A woman in Stockton, Calif. who blames FedEx for the death of her deaf dog wants the company to change its policy on dropping off packages when the customer is not home. According to KCRA-TV, Dianne Venzon says that a FedEx driver left a side gate open at her home, allowing the family’s 2-year-old Weimaraner, “Mr. Peabody,” to escape from the yard and get hit by a car in front of the house. FedEx officials offered their sympathy, paid the family’s $819 vet bill and made a donation to the animal rescue group where the family adopted Mr. Peabody, but the company feels the driver did nothing wrong and said it will continue to let its carriers make home-delivery decisions. Venzon said she plans to sue the company to force it to change its policy.


The Scanton, Kansas home of Bill and Mary Palmer sustained about $15,000 to $20,000 worth of damage from a fire last Wednesday. Mary Palmer told WIBW that her husband was outside soldering with a torch to repair damage from frozen pipes. “The wood caught, and it just went,” she said. Bill Palmer is deaf and on disability, and his wife stays home to care for him, their 13-year-old daughter and 4-year-old grandson. “Homes are replaceable, but lives aren’t, and we’re just lucky that everybody’s okay,” said Bill. But the family didn’t have insurance, and with a limited income it will be hard for them to recover. If you’d like to help out, send a donation to the Scranton Attendance Center, 110 S. Burlingame Ave., Scranton, KS 66537 or call (785) 793-2256.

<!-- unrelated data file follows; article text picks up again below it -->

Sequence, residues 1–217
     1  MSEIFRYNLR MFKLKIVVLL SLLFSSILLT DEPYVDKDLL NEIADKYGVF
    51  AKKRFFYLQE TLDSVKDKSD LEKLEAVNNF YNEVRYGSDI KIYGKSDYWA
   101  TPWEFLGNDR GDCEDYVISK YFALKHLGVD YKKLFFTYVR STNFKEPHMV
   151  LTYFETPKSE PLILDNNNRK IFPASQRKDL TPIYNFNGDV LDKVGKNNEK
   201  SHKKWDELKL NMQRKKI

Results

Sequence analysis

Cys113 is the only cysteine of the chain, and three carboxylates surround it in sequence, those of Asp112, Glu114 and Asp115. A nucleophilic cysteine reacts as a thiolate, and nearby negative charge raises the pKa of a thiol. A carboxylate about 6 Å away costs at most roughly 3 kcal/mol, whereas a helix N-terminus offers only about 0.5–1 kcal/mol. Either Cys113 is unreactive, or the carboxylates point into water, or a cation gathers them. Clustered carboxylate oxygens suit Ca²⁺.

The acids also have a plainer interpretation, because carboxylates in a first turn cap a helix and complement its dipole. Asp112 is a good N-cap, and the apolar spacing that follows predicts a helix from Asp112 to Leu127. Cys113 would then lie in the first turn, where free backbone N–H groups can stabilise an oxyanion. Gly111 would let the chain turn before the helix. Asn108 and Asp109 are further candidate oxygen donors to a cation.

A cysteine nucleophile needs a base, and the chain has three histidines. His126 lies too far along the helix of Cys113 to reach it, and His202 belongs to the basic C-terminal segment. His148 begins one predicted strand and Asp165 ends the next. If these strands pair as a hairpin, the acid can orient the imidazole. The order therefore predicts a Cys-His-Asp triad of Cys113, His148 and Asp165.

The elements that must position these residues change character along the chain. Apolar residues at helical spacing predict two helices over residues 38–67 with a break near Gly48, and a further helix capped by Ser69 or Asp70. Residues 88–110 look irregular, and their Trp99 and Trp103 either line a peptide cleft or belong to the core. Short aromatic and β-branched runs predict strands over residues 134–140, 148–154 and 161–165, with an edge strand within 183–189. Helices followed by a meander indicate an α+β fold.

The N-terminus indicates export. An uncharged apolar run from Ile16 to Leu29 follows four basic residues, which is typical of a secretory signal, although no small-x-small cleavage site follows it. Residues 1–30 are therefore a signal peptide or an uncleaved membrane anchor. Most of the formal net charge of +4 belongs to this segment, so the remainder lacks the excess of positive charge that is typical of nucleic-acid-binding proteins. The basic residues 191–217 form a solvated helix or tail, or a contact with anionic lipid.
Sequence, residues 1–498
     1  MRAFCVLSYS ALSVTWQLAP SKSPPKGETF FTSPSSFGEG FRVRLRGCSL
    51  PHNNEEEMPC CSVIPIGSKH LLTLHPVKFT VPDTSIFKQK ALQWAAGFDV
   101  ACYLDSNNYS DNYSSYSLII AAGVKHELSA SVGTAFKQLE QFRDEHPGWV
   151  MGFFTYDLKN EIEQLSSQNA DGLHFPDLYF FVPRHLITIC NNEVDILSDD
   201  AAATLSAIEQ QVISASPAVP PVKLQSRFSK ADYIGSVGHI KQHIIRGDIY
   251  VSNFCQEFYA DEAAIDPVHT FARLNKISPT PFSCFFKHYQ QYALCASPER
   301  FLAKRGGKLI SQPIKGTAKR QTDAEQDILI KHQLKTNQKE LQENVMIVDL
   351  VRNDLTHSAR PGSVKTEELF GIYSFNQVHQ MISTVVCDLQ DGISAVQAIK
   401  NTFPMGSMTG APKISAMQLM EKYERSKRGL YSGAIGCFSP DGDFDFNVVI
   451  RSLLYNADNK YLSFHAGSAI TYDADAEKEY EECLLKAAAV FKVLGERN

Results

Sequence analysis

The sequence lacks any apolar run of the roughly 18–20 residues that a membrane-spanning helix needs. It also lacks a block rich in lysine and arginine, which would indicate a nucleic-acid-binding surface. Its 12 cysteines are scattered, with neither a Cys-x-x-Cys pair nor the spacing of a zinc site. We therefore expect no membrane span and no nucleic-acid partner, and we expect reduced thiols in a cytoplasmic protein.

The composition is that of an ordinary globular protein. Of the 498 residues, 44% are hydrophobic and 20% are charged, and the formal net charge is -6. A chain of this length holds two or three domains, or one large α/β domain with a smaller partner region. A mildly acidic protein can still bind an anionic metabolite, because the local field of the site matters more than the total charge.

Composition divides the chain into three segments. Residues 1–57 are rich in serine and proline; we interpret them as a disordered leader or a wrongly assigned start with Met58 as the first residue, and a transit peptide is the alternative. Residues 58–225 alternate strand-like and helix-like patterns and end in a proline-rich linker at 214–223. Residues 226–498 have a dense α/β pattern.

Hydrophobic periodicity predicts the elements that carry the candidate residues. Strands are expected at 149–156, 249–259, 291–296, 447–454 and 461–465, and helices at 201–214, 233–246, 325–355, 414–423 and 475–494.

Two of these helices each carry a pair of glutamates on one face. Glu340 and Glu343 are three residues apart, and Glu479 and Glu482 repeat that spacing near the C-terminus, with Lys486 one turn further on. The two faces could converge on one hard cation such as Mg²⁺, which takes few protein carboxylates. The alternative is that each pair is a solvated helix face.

Accessing the new Metro station that opened near Gallaudet University Nov. 20 is still risky for pedestrians, the Washington Times reported Sunday. A special walkway to keep people from having to cross New York and Florida avenues was supposed to be completed within weeks of the grand opening, but the city is still negotiating with the Potomac Electric Power Co., which controls a key portion on land. The $7 million walkway, when completed, will be the first section of the Metropolitan Branch Trail, a multipurpose path running along the Red Line 8 miles between Union Station and Silver Spring, Md. But the completion date of the pedestrian walkway remains unknown, a city spokesman told the Times.